Eleven Abandoned Places in Cook County

In 2021, because tourism was still ridiculous on the North Shore, Elliott and I chose to visit eleven abandoned places of Cook County. There are a lot of abandoned places, and some of those we selected were more “historic” than “abandoned,” but we used the term loosely.

1. We camped at Sawbill Campground in the Superior National Forest (definitely not abandoned, could use more abandonment) and in the morning visited our first site, a former CCC camp area where there was also a former railroad. Walking around the area was pretty cool — although there was no debris left over from this era, we could still tell that this place used to be something. It would be fun to explore further in, but for this day we just had to keep moving.

2. We visited Chippewa City and its church, which by all accounts was going to be open, but alas was not. That’s okay; it was pretty from the outside and definitely added to the feeling of abandonment. We walked around for several minutes and saw no one else, besides of course a steady stream of traffic on Highway 61.

3. Next up was an old fish house located near The Outpost Motel. There are several of these on the North Shore. This one is one of the easiest ones to get to. There is a beach not far from here named for fish houses, but when we tried to go there we sure got a private land vibe, so we left that spot and contented ourselves with this one.

4. We swung by the old Hovland Dock (also known as Chicago Bay), where a sign proclaims that help is coming to the dilapidated structure sometime in the 90s. I hope it does come soon. I wonder what those who installed the optimistic sign would say if they knew that in 2021 it still had not happened. The dock looks sketchier in real life than in photos; I did not go out to the end.

5. Continuing north, we visited the Grant Portage National Historic Park and saw everything there was to see. It was Elliott’s first time there. We went to the traditional museum and walked through every part of the open-air museum. It was very smoky from wildfires.

We also went to Grand Portage State Park to see the High Falls, but that doesn’t count.

6. We drove for approximately ever on an increasingly small road to reach the now-abandoned Outlaw Bridge. This is a location where locals constructed an unofficial bridge between Canada and the United States. The bridge over the Pigeon River must have been a sight to behold. It is no longer there, but evidence of the road being once-busy, perhaps with infrastructure beyond a road, was obvious. This was one of the spots that felt the strangest. It was fun to gaze into Canada.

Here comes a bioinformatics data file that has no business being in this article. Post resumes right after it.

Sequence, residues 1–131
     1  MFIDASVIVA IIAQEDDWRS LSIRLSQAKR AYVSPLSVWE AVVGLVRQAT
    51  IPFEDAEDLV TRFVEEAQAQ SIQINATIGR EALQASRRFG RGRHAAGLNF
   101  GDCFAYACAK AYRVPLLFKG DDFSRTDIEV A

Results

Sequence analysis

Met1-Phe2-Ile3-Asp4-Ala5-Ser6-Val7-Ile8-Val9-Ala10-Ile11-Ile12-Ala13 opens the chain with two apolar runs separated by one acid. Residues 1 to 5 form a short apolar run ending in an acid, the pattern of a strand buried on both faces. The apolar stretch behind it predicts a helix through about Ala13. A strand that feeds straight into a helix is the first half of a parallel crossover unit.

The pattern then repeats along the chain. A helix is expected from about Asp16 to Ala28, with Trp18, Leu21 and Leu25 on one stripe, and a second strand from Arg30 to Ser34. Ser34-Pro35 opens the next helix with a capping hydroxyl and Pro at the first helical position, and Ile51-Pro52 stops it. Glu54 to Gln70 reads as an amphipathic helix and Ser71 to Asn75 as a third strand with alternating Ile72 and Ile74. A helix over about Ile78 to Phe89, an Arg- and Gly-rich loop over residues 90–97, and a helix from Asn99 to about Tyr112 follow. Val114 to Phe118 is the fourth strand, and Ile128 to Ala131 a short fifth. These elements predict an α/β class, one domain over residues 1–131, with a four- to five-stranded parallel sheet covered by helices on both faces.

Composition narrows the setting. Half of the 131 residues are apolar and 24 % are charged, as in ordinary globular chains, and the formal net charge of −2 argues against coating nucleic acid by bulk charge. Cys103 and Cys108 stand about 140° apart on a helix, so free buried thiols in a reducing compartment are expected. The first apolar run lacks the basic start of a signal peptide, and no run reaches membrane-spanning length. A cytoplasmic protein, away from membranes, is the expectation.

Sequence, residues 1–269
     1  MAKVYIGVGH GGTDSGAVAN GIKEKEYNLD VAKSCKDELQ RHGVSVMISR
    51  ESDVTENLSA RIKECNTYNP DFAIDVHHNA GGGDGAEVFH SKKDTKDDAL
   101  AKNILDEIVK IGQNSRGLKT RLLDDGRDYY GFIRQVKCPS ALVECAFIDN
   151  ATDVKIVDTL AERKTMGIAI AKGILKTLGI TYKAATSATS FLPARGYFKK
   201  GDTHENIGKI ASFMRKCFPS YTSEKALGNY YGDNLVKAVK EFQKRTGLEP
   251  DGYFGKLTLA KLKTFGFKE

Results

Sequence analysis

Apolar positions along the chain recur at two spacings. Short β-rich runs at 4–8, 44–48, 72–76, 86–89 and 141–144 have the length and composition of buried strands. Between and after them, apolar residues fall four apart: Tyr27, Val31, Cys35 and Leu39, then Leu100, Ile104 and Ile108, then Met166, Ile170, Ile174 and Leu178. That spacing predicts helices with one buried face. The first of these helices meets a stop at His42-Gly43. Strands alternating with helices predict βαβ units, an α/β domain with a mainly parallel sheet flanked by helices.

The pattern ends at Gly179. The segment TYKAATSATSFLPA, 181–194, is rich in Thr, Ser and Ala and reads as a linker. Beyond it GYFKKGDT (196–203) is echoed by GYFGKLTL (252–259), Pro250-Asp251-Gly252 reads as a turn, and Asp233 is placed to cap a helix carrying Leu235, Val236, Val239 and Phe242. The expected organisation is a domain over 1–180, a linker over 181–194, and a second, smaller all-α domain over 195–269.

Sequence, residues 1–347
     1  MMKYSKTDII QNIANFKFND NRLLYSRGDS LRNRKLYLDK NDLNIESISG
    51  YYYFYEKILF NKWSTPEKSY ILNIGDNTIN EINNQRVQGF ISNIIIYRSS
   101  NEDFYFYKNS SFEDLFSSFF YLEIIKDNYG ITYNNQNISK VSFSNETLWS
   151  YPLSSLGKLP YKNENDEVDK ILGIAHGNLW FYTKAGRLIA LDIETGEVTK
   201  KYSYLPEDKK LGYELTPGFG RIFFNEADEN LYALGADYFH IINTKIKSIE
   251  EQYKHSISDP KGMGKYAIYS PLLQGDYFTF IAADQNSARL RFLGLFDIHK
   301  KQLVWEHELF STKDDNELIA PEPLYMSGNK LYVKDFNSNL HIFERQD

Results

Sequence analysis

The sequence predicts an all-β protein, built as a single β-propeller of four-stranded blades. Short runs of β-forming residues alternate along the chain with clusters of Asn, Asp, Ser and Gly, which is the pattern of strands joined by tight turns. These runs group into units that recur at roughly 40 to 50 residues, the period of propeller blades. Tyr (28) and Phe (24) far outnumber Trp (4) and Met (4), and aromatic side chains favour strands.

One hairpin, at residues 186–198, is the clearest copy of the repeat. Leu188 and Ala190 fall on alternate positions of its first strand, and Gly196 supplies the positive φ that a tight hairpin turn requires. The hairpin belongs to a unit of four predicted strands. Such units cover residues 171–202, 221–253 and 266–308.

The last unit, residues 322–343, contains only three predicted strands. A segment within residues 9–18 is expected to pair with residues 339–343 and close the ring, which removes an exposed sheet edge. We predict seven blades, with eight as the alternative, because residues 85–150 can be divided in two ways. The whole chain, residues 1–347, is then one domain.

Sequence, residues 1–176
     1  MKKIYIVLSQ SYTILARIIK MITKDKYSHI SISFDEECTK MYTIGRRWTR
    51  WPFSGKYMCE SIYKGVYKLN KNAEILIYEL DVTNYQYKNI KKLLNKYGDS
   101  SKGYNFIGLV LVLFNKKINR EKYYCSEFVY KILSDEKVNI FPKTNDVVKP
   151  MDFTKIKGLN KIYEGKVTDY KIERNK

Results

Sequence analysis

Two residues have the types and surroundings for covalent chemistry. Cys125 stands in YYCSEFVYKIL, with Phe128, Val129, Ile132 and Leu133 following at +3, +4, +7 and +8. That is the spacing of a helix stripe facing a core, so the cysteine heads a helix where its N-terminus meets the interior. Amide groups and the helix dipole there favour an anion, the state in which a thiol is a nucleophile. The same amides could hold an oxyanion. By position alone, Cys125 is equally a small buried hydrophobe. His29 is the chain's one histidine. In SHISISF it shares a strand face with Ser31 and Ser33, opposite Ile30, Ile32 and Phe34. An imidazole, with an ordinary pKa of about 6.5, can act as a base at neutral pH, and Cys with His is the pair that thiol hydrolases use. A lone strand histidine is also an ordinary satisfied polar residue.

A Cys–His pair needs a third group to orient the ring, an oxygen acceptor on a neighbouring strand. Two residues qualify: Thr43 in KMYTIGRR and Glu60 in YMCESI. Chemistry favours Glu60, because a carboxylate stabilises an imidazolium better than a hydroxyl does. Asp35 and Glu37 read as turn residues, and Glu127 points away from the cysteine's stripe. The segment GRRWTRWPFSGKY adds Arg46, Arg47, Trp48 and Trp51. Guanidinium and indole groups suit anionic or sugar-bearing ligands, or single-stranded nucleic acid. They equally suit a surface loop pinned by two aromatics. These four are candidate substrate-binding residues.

We were wiped out so we drove over to the Arrowhead Trail, hung a left onto Esther Lake Trail, and ended up camping at Devilfish Lake Campground. An argument could be made that this place counts, but it doesn’t.

7. In the morning we ate breakfast at Chester Lake (former) Campground. Even from the sign, it is obvious that this used to be something besides a boat launch! Many maps still show this as a campground, and it is very disappointing that it is no longer a campground. While there are two others nearby, those are harder to get to and some of the sites are not necessarily accessible by a normal vehicle. Chester Lake is pretty easy to get to by comparison, and the sites still exist — but camping is no longer allowed. A shame.

8. After driving the perhaps-too-sketchy Tom Lake Road to meet up again with Arrowhead Trail heading back to 61, we took a left onto Jackson Lake Road and after driving past the point in question and doing a 10-point turn on the narrow road, we reached the memorial for a plane crash. Lore says the plane crash was discovered by people scouting for the future route of the Superior Hiking Trail. The plane had been missing a long time. There are many such locations along the Appalachian Trail and all feel somber.

9. We parked at the Hovland Post Office to access a lost Hovland Campground. Like Chester Lake, I am at a loss for why this campground would ever have closed. The campsites still exist. It needs a lawnmower, some gravel for the road, and a porta-potty and it would be in business again. Very eerie.

10. In downtown Grand Marais we visited many sites, then we got around to visiting the tugboat/fishing house museum. I have camped at the campground in town many times and I never realized there was a tugboat here!

11. Our final stop was at Lamb’s Resort to see the old lumber company barn. It is really only easily-accessible to people staying at Lamb’s Resort and you have to wonder if it couldn’t be made into more of an attraction to visit.

There are, of course, untold numbers of other abandoned places and things and this was just a weekend’s worth.